Just as the characters are constantly trying to figure out Howard Hughes, figuring out the rhythms of RULES DON’T APPLY isn’t always easy but also feels part of the Beatty modus operandi siphoning each scene down to its essentials, even if it needs to be no more than a few seconds long. It does make sense for things to seemingly spin out of control as the characters get drawn further into the world of Hughes, as if Frank and Marla are getting sucked into their own futures against their will but it doesn’t always feel shaped quite right, certain scenes managing to be either too long or too short. One thing other Beatty-directed (and otherwise) films have in common is their forward momentum, from opening sections of REDS and Elaine May’s ISHTAR, to the nonstop pace of BULWORTH and the ways scenes in DICK TRACY feel designed to replicate a daily newspaper strip. In comparison, RULES DON’T APPLY putters along enjoyably but it all seems shaggy in its pacing, jumping forward when we want to get acclimated, slowing down when it needs to speed up. The tone even veers all around; unexpected broadness which has always been found in his films—even REDS has a few laughs—extends to the injuries from a horrific plane crash (I’m assuming the same one portrayed at length in THE AVIATOR) being brushed past to turn the aftermath into something out of a Laurel & Hardy short. The sudden love scene between the 80-ish Beatty and under-30 Collins willingly defies anyone who might object to the match in how comical it is but it’s not clear if the movie is aware that anyone might have an issue with the pairing. Not to mention the sometimes odd, unnecessary beats in the middle of scenes which makes the whole thing all the more eccentric. Just as in other Beatty films big names appear in small roles, sometimes very small, and I can hardly blame them for wanting to work with Beatty but it still feels like we’re not getting the significance some of these people who are based on real figures have to the Hughes world and clarification on the subplot involving Paul Schneider would maybe help too—it’s presumably meant to recall the Clifford Irving scandal (which happened several years after the film ends but never mind) but I still have some questions.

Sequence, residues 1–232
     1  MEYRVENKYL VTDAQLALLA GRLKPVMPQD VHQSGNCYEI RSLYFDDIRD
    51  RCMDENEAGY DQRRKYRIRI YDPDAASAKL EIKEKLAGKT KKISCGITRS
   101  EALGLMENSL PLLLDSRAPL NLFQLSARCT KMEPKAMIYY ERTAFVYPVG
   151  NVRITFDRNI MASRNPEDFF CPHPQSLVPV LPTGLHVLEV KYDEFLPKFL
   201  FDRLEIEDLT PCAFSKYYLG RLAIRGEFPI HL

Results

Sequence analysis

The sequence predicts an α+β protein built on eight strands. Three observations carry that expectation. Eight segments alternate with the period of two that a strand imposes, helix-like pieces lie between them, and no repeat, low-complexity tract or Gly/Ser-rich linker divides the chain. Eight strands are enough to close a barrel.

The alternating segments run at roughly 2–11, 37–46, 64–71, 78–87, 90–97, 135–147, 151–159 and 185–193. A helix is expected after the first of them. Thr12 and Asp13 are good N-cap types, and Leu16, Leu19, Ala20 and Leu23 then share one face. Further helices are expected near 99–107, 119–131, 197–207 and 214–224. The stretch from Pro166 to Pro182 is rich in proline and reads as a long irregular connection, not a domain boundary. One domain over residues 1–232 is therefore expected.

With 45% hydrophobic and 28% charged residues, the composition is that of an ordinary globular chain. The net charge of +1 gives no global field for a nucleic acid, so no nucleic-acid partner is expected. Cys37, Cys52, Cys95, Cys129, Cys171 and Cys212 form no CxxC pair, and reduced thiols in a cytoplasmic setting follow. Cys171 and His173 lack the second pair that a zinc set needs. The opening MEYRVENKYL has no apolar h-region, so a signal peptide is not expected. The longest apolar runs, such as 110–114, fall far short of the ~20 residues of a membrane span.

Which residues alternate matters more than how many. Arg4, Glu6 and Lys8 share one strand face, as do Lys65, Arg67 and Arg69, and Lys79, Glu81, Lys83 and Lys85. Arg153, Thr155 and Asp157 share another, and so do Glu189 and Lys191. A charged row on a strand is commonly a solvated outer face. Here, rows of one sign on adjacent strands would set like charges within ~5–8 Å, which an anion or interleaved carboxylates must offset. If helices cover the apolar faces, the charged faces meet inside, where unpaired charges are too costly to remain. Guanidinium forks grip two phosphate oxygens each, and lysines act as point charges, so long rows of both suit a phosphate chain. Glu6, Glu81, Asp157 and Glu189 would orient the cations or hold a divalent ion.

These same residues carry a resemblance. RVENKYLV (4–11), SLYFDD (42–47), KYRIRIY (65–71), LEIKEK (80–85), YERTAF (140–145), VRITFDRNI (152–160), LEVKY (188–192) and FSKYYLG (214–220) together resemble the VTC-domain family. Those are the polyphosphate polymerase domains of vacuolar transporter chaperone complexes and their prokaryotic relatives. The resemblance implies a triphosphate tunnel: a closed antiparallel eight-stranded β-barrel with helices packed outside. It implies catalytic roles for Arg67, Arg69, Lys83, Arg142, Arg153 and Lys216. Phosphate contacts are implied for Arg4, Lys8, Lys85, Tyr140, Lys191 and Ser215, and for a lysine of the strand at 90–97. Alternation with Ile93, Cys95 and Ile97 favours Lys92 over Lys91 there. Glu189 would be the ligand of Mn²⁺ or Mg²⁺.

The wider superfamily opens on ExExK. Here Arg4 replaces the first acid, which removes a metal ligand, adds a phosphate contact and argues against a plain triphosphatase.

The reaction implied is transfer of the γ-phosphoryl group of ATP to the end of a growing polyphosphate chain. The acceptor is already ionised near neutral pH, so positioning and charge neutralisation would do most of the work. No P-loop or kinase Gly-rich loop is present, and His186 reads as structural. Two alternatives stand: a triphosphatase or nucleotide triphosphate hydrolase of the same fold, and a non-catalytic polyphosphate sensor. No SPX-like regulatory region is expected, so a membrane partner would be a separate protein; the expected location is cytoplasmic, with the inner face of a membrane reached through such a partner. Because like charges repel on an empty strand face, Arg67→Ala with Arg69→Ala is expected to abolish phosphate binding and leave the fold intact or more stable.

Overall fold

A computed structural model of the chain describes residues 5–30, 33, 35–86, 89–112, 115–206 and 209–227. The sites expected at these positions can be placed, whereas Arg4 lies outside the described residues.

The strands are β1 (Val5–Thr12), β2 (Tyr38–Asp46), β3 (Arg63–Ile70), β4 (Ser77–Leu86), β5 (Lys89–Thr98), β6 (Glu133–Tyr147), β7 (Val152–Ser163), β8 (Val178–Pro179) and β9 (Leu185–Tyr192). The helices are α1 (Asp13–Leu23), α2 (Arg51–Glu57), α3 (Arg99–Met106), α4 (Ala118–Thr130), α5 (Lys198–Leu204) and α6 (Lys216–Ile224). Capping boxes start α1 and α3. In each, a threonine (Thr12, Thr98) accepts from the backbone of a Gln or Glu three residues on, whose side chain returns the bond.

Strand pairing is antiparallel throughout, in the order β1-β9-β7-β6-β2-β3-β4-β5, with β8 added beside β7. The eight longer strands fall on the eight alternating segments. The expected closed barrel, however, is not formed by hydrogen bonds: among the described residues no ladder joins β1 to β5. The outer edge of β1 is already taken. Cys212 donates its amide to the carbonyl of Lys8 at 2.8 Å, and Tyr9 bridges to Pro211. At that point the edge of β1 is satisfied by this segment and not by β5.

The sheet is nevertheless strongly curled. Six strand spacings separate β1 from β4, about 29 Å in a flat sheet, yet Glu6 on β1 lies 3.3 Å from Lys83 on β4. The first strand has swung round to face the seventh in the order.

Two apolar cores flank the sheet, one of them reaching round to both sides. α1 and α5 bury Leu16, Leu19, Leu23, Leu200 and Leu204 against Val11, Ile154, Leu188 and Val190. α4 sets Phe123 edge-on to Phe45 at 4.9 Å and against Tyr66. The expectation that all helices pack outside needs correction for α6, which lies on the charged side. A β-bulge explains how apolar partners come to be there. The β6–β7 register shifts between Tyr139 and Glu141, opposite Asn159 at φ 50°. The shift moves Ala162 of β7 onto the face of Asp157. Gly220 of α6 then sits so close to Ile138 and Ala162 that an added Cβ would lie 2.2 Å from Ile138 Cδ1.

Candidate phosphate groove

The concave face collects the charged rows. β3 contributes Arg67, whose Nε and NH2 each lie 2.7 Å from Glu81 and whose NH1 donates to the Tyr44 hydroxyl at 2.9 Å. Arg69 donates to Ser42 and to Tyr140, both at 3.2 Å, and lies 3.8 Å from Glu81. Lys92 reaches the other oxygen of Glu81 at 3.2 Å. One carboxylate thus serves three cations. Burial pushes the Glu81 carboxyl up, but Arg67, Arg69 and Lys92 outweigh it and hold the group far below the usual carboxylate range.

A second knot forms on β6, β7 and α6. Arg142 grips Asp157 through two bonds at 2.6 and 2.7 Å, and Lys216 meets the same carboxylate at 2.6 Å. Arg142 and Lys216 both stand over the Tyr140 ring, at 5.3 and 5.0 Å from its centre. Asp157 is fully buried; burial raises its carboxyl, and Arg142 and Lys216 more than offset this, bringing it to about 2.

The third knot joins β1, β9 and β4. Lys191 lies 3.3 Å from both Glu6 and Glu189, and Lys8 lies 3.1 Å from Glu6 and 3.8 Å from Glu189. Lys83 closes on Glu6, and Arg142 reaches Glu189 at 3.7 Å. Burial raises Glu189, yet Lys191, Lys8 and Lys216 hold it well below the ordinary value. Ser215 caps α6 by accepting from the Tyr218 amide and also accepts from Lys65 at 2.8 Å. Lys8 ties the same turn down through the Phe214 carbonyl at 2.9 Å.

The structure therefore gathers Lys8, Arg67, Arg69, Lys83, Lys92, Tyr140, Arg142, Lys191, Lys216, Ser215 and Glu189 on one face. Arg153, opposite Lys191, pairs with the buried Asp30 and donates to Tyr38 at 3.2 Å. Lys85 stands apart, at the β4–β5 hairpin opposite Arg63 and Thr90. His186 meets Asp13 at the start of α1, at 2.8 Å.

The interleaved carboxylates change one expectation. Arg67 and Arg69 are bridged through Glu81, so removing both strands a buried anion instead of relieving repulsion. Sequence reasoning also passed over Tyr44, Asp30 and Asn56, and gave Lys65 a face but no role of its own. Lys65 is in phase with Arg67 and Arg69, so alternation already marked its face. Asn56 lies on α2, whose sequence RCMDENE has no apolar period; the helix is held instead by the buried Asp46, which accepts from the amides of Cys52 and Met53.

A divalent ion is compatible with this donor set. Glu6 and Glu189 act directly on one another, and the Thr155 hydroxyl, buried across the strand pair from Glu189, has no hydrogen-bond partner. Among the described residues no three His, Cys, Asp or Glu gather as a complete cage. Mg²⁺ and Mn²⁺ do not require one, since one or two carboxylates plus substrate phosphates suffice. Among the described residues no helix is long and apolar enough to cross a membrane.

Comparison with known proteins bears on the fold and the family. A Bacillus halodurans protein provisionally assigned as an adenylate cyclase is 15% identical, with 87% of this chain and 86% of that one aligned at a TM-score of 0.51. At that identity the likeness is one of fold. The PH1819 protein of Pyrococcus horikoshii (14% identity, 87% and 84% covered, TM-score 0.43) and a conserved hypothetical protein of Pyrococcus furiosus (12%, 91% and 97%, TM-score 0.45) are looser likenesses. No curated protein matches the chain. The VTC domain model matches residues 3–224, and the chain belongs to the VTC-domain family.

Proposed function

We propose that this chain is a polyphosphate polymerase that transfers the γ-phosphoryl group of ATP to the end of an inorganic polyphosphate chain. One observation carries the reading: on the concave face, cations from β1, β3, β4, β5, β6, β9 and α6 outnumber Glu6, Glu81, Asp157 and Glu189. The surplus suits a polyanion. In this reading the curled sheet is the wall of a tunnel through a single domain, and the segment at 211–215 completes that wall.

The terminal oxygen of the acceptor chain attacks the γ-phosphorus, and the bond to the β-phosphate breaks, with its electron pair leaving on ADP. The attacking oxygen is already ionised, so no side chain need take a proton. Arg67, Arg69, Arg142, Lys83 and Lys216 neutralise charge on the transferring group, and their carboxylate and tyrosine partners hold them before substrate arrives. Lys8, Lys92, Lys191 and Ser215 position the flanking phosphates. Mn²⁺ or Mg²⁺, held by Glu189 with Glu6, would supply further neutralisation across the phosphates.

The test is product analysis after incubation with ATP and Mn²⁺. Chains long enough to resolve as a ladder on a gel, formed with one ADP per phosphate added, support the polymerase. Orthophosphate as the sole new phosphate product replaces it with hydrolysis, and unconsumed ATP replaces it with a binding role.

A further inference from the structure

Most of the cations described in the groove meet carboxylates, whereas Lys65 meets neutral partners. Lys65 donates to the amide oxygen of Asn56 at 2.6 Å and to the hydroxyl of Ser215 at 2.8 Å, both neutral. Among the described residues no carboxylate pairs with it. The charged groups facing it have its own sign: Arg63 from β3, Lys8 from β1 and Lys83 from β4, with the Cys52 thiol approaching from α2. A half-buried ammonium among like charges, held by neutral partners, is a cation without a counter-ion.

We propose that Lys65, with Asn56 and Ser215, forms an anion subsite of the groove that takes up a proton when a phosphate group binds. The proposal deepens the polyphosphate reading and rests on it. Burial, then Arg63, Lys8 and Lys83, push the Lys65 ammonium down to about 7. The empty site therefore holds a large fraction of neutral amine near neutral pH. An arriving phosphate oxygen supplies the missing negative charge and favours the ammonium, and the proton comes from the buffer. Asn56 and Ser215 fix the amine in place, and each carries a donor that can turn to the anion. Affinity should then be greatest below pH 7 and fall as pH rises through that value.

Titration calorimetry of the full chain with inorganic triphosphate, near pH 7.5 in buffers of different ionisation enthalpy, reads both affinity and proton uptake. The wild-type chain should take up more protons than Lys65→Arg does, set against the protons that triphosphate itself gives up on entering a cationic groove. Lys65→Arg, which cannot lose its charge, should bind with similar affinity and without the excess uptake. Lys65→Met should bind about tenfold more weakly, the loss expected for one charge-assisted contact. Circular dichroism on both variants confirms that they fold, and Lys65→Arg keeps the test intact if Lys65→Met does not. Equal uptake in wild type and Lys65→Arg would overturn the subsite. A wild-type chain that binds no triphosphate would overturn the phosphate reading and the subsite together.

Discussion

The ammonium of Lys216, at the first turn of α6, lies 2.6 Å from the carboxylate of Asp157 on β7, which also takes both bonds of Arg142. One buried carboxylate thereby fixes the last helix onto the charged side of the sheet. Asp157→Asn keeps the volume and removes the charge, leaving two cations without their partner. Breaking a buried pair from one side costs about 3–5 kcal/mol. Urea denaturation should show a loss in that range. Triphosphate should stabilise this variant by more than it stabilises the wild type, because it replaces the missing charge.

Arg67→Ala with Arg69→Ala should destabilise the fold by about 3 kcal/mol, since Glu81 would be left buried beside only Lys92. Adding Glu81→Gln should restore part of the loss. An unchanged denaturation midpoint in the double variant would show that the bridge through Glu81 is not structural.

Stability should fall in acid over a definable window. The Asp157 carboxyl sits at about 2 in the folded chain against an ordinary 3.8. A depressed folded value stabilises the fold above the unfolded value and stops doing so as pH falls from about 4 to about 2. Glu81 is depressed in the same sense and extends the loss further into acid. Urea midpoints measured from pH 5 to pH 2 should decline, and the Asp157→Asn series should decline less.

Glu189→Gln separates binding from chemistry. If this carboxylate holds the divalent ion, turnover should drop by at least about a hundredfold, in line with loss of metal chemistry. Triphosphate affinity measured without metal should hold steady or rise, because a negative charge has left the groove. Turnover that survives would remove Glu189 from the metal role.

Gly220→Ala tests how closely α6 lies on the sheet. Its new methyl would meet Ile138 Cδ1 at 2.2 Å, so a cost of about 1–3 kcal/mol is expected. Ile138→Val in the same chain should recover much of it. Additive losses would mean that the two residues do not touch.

All this is not to say that RULES DON’T APPLY doesn’t have pleasures because it does, many of them seemingly out of nowhere from its odd humor showing the obsessiveness of Hughes—when we hear the reading a letter about a missing cat we know it’s just one of many—and his determination to keep out of sight of anyone else in the world. There’s a lyrical feel at certain points which almost come out of nowhere, emotions for the characters which are messy like emotions in life are messy, showing the way you deal with someone when you can’t say what you’ve been meaning to say for so long so the cruelty comes out instead. I saw RULES DON’T APPLY theatrically twice—the pre-release screening at Fox and then in a nearly empty theater at the Grove on a Sunday morning and both times my reaction was mostly the same, enjoying the pokiness but unable to deny some of its limitations and yet as the film got closer to the end I found myself surprisingly moved by it all. The child who comes into play in the final minutes pays off the constant stream of reasons Hughes has given why he’s always avoided this, serving as this film’s version of the young boy who hands the cup to Diane Keaton at the end of REDS (“I don’t even know, did they ever have any children?” one of the witnesses of that film asks about John Reed & Louise Bryant as the end credits roll) and even recalling DICK TRACY in the way he shouts “Kid!” at the kid in question. When confronted with the sense of possibility of what he never allowed to enter his life due to his obsessive micromanaging he comes back to life, if just for a few minutes. The film almost seems to build to his calm, accepting response of “So do you,” to something the kid tells him and the moment hits like a thunderbolt, a realization of something that he never even considered. Some Ennio Morricone music from the Italian TV movie PANE E LIBERTA is tracked in during the final moments to give the emotion that extra push and it’s possible that very little of this has to do with Howard Hughes. If anything, it has to do with whatever Hughes meant to Warren Beatty and how he saw his own story in this mythology. And it’s hard not to think about how much the film is really about him and maybe even an alternate universe of what he would have been if he’d never met Annette Bening (quite good here as Marla’s mother, although she’s not around for long) and if this is his last film then it’s as if the final two shots are Beatty today passing his own blessings back through the years to the person he once was and what he would eventually really become.